St. Andrew Corsini lived from 1302 to 1373. While still carrying him in her womb, his mother dreamed she had given birth to a wolf that sauntered to the gate of the Carmelite monastery, and entering the vestibule of the church, was changed to a lamb. Andrew was reared as a pious and God-fearing youth, but little by little he succumbed to the pleasures of the world in spite of frequent warnings and reproofs from his mother. After he became aware that his parents had vowed him to the service of Blessed Mary, he mended his ways and at the age of seventeen entered the Carmelite Order. Though persistently tempted and assailed by the devil, he never swerved from his holy decision. A man of austere penance, he fasted continuously, always wore a hair shirt, and prayed the penitential psalms daily. For humility's sake he often washed the feet of the poor and beggars. His special gift from God was the grace to effect the conversion of hardened sinners. In 1360, despite his efforts to the contrary, he was made bishop of Fiesole in Tuscany.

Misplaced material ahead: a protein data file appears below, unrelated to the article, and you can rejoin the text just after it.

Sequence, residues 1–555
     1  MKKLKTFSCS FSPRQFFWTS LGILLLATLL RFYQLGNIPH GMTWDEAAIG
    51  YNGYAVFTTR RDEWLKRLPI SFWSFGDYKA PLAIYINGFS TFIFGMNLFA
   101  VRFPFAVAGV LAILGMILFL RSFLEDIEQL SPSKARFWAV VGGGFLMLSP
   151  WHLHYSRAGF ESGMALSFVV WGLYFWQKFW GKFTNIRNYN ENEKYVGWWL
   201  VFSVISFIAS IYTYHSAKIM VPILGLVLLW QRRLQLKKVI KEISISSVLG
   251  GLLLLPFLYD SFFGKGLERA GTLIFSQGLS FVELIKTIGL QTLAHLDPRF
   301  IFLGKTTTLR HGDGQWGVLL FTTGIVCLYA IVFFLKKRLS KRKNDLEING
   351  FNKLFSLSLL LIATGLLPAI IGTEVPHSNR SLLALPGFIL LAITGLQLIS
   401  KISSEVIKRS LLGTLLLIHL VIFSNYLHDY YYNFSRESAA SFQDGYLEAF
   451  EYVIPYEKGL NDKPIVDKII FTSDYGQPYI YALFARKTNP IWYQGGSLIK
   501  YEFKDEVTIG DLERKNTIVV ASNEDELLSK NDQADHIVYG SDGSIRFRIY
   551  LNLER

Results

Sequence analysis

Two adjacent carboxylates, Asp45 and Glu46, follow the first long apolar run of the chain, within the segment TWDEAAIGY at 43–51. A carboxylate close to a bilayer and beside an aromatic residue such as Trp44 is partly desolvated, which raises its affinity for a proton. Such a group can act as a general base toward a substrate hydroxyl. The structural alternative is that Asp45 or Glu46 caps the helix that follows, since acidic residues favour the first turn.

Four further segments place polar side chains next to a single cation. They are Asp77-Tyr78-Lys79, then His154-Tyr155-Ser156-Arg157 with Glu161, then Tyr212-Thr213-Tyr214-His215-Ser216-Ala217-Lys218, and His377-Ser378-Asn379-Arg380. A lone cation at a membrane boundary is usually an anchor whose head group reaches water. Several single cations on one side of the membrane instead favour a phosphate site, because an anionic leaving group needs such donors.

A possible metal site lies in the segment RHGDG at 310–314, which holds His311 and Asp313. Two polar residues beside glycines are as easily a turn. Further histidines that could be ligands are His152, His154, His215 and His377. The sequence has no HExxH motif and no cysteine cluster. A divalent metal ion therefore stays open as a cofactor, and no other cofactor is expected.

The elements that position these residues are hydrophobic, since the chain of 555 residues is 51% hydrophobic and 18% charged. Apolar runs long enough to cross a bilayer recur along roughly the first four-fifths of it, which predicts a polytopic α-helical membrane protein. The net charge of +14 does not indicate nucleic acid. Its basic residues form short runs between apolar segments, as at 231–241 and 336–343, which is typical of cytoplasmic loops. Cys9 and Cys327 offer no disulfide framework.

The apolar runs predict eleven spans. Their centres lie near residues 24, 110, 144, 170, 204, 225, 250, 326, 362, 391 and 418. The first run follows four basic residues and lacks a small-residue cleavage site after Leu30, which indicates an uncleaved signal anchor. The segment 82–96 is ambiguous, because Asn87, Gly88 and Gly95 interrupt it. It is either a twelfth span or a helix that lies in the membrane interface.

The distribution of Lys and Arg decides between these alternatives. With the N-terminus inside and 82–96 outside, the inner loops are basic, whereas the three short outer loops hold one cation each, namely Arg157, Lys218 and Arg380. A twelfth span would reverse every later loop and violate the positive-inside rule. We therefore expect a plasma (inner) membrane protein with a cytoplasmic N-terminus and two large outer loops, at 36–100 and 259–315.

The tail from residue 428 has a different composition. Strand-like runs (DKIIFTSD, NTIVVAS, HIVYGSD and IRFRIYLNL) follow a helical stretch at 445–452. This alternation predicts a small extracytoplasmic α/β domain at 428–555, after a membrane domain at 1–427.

— Excerpted from The Church's Year of Grace, Pius Parsch
Patron: Civil disorder; riot.
Symbols: Holding a cross, with a wolf and lamb at his feet, and floating above a battlefield on a cloud or a white palfrey.